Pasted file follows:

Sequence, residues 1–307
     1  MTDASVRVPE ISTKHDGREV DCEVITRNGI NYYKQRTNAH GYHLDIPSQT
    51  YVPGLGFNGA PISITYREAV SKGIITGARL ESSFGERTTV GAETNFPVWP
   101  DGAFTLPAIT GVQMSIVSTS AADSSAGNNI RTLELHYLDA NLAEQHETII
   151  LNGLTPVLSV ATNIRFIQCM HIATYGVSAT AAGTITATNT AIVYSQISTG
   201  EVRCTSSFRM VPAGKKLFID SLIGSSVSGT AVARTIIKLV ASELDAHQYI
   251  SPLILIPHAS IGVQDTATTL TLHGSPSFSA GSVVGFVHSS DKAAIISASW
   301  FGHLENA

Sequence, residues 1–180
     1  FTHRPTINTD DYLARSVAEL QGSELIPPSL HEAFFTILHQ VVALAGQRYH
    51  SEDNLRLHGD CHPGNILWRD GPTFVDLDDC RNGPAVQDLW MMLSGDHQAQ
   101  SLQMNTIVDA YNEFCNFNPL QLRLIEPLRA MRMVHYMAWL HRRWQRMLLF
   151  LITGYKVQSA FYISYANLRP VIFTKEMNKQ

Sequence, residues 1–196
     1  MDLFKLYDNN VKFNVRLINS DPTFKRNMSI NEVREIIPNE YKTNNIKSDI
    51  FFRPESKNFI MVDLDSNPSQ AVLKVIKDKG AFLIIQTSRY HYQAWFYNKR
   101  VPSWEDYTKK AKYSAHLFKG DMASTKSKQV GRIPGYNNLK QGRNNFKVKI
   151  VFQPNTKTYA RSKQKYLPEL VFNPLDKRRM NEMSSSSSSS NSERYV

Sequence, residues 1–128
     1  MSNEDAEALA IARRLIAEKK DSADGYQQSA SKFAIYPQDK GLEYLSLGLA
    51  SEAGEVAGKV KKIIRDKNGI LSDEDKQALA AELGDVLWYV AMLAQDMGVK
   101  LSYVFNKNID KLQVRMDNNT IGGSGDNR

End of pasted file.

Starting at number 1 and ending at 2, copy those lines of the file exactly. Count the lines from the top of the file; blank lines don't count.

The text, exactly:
Sequence, residues 1–307
     1  MTDASVRVPE ISTKHDGREV DCEVITRNGI NYYKQRTNAH GYHLDIPSQT